Now, list your top three business goals for the next year or two. Go ahead, put them down on paper or screen.
Now ask yourself, on a scale of 1-10, how committed are you to doing whatever it is you’ll need to do to have those business goals be a reality? Let’s be honest here.
The critical link between passion and success lies in the level of one’s commitment to the pursuit of ‘success.’ If you find yourself below a 5 or 6 on the level of commitment (and you are being honest about it), you really need to ask yourself what you’re really spending your valuable time and life energy on. Maybe it’s time to commit to something else.
But even at the highest levels of commitment, there are no guarantees of success.
For those of you seeking guarantees, I leave you with one of my favorite quotations from W. H. Murray, one of the first to climb Mount Everest:
Commitment. Until one is committed there is always hesitancy, the chance to draw back, always ineffectiveness.
Concerning all acts of initiative (and creation), there is one elementary truth, the ignorance of which kills countless ideas and splendid plans: That the moment one definitely commits oneself, then Providence moves too.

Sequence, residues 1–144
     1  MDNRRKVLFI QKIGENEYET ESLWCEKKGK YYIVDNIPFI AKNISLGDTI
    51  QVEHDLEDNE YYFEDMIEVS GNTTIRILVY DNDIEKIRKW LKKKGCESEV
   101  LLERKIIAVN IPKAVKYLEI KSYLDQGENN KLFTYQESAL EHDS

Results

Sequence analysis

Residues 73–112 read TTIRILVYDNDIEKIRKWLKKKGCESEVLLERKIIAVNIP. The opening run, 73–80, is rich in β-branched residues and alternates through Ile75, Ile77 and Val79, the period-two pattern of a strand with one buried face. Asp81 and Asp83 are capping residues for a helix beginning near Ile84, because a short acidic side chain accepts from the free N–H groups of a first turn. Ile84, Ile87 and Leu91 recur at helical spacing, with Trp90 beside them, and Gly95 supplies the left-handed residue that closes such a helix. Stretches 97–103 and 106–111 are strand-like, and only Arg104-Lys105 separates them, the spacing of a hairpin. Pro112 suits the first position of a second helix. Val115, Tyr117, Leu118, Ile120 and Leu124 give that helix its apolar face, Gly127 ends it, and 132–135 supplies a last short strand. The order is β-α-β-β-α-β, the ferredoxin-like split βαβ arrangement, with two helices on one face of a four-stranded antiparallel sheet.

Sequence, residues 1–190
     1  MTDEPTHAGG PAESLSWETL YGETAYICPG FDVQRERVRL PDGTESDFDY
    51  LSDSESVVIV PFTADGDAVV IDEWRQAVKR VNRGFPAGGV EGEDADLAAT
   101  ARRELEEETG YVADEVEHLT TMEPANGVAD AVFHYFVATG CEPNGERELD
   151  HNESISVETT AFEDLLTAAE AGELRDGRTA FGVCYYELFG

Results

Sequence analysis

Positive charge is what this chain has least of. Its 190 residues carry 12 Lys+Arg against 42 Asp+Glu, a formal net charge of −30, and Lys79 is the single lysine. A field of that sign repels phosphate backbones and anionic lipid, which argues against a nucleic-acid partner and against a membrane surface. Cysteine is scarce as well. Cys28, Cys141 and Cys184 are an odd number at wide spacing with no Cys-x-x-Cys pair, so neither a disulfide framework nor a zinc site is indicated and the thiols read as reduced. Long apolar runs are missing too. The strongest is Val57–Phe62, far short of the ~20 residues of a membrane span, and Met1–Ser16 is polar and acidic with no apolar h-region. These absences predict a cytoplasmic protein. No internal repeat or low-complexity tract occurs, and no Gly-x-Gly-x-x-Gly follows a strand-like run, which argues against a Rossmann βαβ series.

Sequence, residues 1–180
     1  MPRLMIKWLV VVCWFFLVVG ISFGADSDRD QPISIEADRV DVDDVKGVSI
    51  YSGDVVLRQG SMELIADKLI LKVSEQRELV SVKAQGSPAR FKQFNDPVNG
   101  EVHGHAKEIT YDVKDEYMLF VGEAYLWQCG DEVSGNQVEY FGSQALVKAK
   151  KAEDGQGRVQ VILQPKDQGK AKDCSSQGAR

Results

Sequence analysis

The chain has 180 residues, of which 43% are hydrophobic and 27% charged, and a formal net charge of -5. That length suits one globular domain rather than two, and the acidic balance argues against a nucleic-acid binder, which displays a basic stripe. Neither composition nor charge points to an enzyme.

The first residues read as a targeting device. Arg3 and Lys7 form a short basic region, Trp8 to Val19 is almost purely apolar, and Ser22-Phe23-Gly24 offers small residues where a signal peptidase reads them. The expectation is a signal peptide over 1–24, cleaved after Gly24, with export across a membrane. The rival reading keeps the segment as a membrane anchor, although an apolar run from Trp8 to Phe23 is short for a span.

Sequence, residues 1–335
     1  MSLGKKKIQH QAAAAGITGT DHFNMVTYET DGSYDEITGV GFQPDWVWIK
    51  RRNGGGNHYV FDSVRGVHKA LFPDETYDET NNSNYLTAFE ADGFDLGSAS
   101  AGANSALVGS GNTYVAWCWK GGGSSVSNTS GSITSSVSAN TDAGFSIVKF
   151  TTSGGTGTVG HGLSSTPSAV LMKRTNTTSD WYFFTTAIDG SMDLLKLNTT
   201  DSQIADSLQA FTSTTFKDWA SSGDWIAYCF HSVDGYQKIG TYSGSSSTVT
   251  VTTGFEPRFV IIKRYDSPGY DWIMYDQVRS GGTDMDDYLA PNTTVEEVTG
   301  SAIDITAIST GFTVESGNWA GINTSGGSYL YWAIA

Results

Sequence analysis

All sorts of things occur to help one that would never otherwise have occurred.
A whole stream of events issues from the decision, raising in one’s favor all manner of unforeseen incidents and meetings and material assistance, which no man could have dreamt would have come his way.
“You have a mind, but you are not your mind. You have a body, but you are not your body.
You have emotions, but you are not your emotions.
You are a child of God; therefore, you can create anything within the constraints of Universal Law.” – Dr. Michael Gladych, WWII fighter pilot ace-turned-yoga master
Behind every success story, there’s at least one key person in the background, serving as the catalyst for success.
Most of you reading this know the story of my struggles early in my career as a plastic surgeon in private practice back in 1995. In the midst of serious financial struggles (near-bankruptcy), studying to pass my plastic surgery boards, and going through a divorce, I managed to avert near-bankruptcy, turn both my life and practice around and live to tell about it. In retrospect, it seems miraculous that I made it through that challenging period of my life at all.
The part of the story most of you don’t know about is what I actually did that turned things around. How, in a span of three years, I went from broke plastic surgeon with no hope of financial reprieve in sight, living alone in a dingy, dark apartment, to buying a home in a neighborhood that was in the world of wishful thinking, marrying the woman of my dreams, and having children that would make any parent proud.